“If I had asked people what they wanted, they would have said a faster horse.” Henry Ford said it, a century ago.
If he had listened, we’d have carbon fibre wagon wheels by now.
Gee up, Dobbin.
PS. You’ll have noticed all the noise about STPs. They have transformation in the title, of course. But they are really about money, and I’m afraid that’s no way to achieve transformation. Cost cuttting, yes, restructuring, yes, noise, aplenty. What we need is different thinking, starting with patient demand.
PPS. “Marginal gains secured by new care models…” was the title of a King’s Fund blog this week. Marginal gains? Remember, the new care models were the flagship policy of the Five Year Forward View. Two years in, untold £millions spent, and they are bigging up “marginal gains”??? Please don’t get out of bed. If it was working they would have something more to shout about
I shared a lift to the Best Practice show this week with my very good friend Gareth McCague and crawling along the M6 he asks me, “what does your demand led system mean for premises?”
Well that got me thinking, because one of the first things we notice is the empty chairs on Mondaymorning – GPs are all hard at work, consulting with patients at home. We call it the “no waiting room.” I know of practices who have carved out another consulting room from the unused space – but of course in a new build, cutting the seats from 40 to 20 would make quite a difference to building costs.
Then of course there’s the car park – it’s always a sign of things working well when we can drive straight into one of the many empty spaces. “That’s it!” cries Gareth (who knows everything there is to know about about GP premises and pharmacies by the way)
You’ve all seen the new surgeries where most of the land is taken up by parking. With all the attention on premises in the ETTF & GPFV funds, you can bet lots more tarmac will be laid for patients to park their cars, so they can wait on the chairs, to see a GP they didn’t need to see – it could have all been done in minutes over the phone or online.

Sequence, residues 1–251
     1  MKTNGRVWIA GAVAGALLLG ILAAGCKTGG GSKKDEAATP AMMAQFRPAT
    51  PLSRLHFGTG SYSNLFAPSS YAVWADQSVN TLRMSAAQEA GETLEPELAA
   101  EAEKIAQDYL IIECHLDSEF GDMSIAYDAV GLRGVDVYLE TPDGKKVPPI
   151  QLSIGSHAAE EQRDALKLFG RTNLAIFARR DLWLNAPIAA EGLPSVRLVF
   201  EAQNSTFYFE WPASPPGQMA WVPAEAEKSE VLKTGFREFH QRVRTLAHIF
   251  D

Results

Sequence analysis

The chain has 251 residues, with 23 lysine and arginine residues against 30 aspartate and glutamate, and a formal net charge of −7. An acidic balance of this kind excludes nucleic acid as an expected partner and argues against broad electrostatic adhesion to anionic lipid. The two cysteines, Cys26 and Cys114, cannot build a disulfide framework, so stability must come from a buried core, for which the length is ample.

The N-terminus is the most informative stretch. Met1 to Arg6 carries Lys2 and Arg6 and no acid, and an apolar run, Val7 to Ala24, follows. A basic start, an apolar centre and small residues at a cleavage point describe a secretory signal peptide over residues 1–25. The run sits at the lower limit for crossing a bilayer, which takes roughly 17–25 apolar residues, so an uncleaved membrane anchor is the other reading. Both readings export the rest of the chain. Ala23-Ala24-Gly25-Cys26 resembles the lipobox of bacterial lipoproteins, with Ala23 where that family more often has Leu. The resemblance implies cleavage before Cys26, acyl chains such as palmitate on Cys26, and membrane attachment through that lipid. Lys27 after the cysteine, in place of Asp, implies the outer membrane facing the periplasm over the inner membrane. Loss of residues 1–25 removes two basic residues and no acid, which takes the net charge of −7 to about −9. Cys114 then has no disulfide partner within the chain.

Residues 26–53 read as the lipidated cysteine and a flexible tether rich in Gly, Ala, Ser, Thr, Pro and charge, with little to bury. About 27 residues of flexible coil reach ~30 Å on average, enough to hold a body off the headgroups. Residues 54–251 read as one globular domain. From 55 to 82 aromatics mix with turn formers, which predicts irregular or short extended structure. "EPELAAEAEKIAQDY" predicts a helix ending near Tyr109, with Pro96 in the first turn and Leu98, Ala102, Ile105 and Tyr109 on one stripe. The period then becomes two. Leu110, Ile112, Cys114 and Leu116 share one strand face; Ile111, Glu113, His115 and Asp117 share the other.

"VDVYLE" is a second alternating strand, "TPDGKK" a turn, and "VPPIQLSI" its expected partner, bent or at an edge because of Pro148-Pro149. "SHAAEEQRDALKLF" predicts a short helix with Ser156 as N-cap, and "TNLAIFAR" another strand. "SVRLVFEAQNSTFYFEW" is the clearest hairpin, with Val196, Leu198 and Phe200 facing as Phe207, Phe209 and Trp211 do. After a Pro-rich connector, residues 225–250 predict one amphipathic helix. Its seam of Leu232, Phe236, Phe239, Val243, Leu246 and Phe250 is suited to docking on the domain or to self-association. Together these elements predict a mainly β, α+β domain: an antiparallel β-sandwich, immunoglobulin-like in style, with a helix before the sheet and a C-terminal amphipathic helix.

Premises, premises won’t solve the problem. Everything is connected – it’s the system.
PS. Michael McKenna runs a single hander practice off the Falls Road in Belfast. There is no parking. Until this April he would have 30 patients lined up of a morning, for his 11 seats. They’ve gone, and I particularly love the bit in the NI video where he looks out of his room on launch day and quietly says “Wow”.
PPS. I admit to writing this in Luton airport, plane delayed. Just noticed in the gents that the new Dyson Airblade dryers are built into the taps. Ah ha – no separate queue for the dryers, lower footprint, value in airport space £££ – everything is connected.
Last week I was at the RCGP annual conference in Harrogate and a jolly good time it was too, meeting friends old and new and having all the same conversations, with a new case study from Belfast. Even made it to a fine Yorkshire tea at Betty’s.
But the highlight by a mile was when I snuck in to one of the plenaries to hear Kate Allatt give her astonishing story. Surviving a rare brain stem stroke, she told how she worked her way out of locked in syndrome, from being left almost for dead on a hospital ward to taking her first running paces a year later.
We will never know all the ups and downs of that year but what hit home to me was when she was back home and struggling daily with 3 young children on top of everything. In desperate need of help she suffers the usual nightmare of trying to get an appointment with her GP.
“Why can’t I call my GP at any time of day?”
What an utterly reasonable request.
Huge applause for her talk, and I think we were all genuinely moved. We’ve talked since and the common bond is that what Kate sees as utterly reasonable, we know is completely possible (and actually less work). Watch this space!
PS I won’t bore you with the agonies of this job but we have survived five years, and just occasionally there’s a shaft of light. Millbrook Surgery in Somerset launched earlier this year and a patient put this story in the local paper.
In response to the post on 1 October, “GPs, where were you when they stole your profession?”, Dr Helen Haywood writes:
I always read your emails with interest and generally find myself agreeing with your viewpoint – yours seem to be a fairly lone voice when it comes to rationally and consistently pointing out flaws with the state of NHS general practice as it is and the direction it’s travelling in.